World Wetlands Day

To many people in the U.S., February 2 is Groundhog Day, but is is also World Wetlands Day. This day marks the date of the adoption of the Convention on Wetlands on February 2, 1971, in the Iranian city of Ramsar. Since 1997, the Ramsar Secretariat provides outreach materials to help raise public awareness about the importance and value of wetlands.

The 2019 theme is Wetlands and Climate Change.

  • Wetlands play a significant role in stabilizing GHG emissions and blunting the impacts of climate change.
  • Wetlands buffer coastlines from extreme weather.
  • Wetlands reduce floods and relieve droughts Inland wetlands such as flood plains, rivers, lakes and swamps function like sponges, absorbing and storing excess rainfall and reducing flood surges.

  • Wetlands naturally absorb and store carbon. When drained or burned for agriculture (as wetlands often are) they go from being a carbon sink to a carbon source, releasing into the atmosphere centuries of stored carbon. CO2 emissions from drained and burned peatlands equate to 10% of all annual fossil fuel emissions.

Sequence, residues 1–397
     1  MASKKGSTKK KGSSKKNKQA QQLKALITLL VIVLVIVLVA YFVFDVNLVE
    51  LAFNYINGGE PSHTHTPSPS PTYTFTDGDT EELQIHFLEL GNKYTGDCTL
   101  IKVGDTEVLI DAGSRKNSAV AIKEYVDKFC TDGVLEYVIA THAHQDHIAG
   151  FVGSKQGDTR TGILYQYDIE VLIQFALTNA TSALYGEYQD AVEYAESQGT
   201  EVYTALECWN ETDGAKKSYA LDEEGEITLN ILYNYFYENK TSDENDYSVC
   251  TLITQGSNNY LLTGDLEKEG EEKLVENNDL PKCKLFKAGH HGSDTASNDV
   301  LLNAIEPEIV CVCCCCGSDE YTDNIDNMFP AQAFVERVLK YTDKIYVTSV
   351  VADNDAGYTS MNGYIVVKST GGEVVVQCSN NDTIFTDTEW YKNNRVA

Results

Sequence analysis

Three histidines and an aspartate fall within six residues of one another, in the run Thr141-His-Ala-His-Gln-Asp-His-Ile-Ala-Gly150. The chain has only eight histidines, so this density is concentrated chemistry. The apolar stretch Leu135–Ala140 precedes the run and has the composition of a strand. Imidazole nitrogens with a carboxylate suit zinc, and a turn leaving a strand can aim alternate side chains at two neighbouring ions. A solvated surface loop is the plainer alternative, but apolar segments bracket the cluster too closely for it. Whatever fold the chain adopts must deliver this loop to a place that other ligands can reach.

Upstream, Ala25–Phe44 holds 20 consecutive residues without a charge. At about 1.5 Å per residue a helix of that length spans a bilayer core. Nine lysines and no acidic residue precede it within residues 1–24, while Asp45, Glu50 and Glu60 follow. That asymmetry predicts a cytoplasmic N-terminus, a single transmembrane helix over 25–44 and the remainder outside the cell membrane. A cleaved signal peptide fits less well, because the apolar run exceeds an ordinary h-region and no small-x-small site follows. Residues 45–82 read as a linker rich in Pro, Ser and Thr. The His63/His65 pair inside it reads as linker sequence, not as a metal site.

• Wetlands play a significant role in stabilizing GHG emissions and blunting the impacts of climate change.
  • Wetlands buffer coastlines from extreme weather.
  • Wetlands reduce floods and relieve droughts Inland wetlands such as flood plains, rivers, lakes and swamps function like sponges, absorbing and storing excess rainfall and reducing flood surges.
  • Wetlands naturally absorb and store carbon. When drained or burned for agriculture (as wetlands often are) they go from being a carbon sink to a carbon source, releasing into the atmosphere centuries of stored carbon. CO2 emissions from drained and burned peatlands equate to 10% of all annual fossil fuel emissions.
More information at www.worldwetlandsday.org.